On the 6th of February this year, Her Majesty the Queen became the first British monarch to celebrate a Platinum Jubilee, marking 70 years of service to the nation.
Platinum as a metal is prized for its rarity, high lustre, exceptional strength and insusceptibility to corrosion. Discovered in South America in the 1700s by Spanish conquistadores, the special qualities of this heavy white metal were largely lost on them, and they contemptuously named it ‘platina’ (little silver).
For many years, platinum was seldom used in jewellery due to its rarity, and the lack of tools available to work with the extremely high temperatures required to melt it. Until the 1900s, the reigning white metal used in jewellery was silver. Relatively abundant, and with a low melting point workable to jewellers, diamonds and gemstones would be set in silver, but overtime this would tarnish easily, giving a darkened look.
By 1901, advancements in technology led to the creation of the oxyacetylene torch. This torch produced a safe and direct flame hot enough to enable jewellers to melt the platinum in their own workshops, marking the start of solid platinum jewellery production!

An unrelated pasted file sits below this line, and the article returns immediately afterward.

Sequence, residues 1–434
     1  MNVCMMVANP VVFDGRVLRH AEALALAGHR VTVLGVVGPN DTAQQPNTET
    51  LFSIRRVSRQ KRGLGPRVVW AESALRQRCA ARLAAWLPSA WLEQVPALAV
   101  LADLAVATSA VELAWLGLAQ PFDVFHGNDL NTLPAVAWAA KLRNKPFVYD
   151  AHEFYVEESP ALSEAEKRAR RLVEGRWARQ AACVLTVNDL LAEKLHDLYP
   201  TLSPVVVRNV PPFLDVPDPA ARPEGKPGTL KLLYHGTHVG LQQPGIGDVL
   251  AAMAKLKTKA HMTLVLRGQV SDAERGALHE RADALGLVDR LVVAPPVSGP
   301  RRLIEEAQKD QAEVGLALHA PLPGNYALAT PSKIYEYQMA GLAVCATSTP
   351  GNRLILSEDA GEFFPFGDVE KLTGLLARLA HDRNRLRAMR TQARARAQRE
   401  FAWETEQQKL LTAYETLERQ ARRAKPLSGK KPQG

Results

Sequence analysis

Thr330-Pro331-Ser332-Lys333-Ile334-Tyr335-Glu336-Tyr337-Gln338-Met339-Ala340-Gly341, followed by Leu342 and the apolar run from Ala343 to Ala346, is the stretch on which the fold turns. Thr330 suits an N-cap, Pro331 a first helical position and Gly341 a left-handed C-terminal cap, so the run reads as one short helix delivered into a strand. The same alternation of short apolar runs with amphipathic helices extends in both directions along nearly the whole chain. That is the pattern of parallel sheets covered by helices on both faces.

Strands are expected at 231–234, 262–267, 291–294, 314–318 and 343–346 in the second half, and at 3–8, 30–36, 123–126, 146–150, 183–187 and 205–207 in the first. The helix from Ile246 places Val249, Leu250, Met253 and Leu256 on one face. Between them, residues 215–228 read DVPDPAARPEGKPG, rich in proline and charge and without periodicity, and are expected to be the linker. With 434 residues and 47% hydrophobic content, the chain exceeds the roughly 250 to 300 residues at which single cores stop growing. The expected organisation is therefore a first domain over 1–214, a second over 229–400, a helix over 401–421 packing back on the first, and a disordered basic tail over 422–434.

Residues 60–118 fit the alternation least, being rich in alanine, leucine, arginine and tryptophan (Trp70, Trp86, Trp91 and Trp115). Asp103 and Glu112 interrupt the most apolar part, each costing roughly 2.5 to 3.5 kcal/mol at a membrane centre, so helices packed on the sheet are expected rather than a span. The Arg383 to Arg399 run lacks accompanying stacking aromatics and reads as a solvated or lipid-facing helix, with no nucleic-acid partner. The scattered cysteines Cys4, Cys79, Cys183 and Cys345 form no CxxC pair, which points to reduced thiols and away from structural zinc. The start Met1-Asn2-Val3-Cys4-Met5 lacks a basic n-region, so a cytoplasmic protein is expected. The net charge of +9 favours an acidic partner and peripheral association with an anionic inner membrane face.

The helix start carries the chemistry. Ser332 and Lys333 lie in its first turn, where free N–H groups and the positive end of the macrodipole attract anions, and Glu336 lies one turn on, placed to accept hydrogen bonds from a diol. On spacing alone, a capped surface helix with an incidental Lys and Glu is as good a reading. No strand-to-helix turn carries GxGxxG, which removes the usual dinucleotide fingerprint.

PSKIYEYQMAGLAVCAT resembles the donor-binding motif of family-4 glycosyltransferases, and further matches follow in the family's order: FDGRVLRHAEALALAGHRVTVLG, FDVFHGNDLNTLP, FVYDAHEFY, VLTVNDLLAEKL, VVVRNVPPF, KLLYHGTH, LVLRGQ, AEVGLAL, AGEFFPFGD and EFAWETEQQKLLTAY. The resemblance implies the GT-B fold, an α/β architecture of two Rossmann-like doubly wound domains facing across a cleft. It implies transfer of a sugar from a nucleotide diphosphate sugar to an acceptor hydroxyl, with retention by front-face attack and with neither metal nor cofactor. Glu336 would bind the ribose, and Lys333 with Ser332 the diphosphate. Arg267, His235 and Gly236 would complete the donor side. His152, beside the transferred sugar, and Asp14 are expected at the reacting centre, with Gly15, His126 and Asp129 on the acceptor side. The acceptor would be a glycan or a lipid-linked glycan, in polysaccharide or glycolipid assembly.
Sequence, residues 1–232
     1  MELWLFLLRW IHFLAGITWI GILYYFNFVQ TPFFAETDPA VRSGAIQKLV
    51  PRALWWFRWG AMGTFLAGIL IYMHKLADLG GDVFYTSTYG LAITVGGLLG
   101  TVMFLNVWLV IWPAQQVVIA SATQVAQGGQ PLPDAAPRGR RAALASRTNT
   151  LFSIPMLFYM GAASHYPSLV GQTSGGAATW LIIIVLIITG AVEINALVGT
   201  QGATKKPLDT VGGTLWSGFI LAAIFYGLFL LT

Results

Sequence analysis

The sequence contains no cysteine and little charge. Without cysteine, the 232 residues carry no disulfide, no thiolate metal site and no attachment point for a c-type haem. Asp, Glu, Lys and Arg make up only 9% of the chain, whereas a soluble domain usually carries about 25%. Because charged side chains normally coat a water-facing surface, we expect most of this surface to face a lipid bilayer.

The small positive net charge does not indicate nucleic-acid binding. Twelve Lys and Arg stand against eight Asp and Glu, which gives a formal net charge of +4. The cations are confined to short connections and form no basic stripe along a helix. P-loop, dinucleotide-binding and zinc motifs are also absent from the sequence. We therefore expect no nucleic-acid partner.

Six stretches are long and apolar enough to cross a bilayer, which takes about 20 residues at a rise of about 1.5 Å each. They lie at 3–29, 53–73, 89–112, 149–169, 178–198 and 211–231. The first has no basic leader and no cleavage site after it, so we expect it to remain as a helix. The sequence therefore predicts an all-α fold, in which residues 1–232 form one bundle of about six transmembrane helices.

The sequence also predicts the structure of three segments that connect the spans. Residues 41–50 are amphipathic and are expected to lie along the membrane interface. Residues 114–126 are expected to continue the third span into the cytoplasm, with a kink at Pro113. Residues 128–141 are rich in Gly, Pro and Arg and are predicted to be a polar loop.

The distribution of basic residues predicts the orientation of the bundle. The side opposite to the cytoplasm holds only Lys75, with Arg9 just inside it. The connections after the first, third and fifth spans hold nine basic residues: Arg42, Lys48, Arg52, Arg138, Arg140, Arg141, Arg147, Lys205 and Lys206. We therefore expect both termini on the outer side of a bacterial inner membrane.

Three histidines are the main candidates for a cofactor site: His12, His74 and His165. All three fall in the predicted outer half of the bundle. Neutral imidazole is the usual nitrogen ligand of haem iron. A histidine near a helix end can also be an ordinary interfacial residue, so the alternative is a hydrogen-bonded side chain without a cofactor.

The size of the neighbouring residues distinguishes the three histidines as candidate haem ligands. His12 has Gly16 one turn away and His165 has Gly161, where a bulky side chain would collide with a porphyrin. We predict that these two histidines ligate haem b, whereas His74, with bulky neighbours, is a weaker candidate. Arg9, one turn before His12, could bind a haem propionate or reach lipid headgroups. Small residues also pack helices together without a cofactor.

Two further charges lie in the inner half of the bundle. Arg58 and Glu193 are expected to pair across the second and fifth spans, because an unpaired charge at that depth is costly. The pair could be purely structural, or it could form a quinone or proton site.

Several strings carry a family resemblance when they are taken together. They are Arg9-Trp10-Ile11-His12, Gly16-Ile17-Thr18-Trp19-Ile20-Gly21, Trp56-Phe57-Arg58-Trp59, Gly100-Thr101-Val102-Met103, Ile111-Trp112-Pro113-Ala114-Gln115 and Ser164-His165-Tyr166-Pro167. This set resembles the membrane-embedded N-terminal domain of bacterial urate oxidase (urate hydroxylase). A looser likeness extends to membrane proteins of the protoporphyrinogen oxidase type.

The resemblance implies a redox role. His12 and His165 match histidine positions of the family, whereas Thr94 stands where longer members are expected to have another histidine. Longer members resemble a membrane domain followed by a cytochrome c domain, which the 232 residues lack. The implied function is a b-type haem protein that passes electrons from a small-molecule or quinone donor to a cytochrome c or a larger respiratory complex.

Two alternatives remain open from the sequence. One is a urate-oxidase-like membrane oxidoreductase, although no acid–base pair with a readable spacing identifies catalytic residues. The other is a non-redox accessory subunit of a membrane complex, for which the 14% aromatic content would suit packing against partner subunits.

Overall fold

Throughout the Edwardian period, the popularity of platinum rose sharply. Platinum revolutionised jewellery design and irrevocably changed how diamonds and gems were fashioned and retained in their settings. Platinum could safely hold stones in thinner more discreet mounts, which led to ornate and feminine designs featuring elaborate millegrain and filigree that had an intricate lace-like appearance.
The opulent and romantic styles of the Edwardian era continued until the outbreak of World War I. Life changed overnight and platinum became reserved exclusively for the manufacturing of armaments, and disappeared almost entirely from the jewellery world.
By 1918, the war had ended and a sense of change was spreading through Britain, Europe and America; women had a new-found sense of freedom and independence, favouring a new style of jewellery to match. During the Art Deco years, geometry and symmetry were the favoured style. This new cubist influence demanded new fashionable cuts, with baguette and emerald cut diamonds set alongside coloured gemstones. The use of platinum enhanced these striking designs by allowing gemstones to be set in unobtrusive and almost invisible settings.
By the 1940’s, platinum had once again been deemed a strategic metal and was reserved solely for the war effort. Alternative white metals such as palladium and white gold became stand-in’s, but by the 1950’s, the demand for all-platinum jewellery soared again, and continues to this day.
With a natural brightness and superior strength, the century old heirlooms we see today are testament to the enduring properties of platinum.
At Berganza we have an impressive collection of platinum pieces from across the eras. Our entire collection can be viewed on our website, or our jewellery specialists would delighted to welcome you to our Hatton Garden showroom.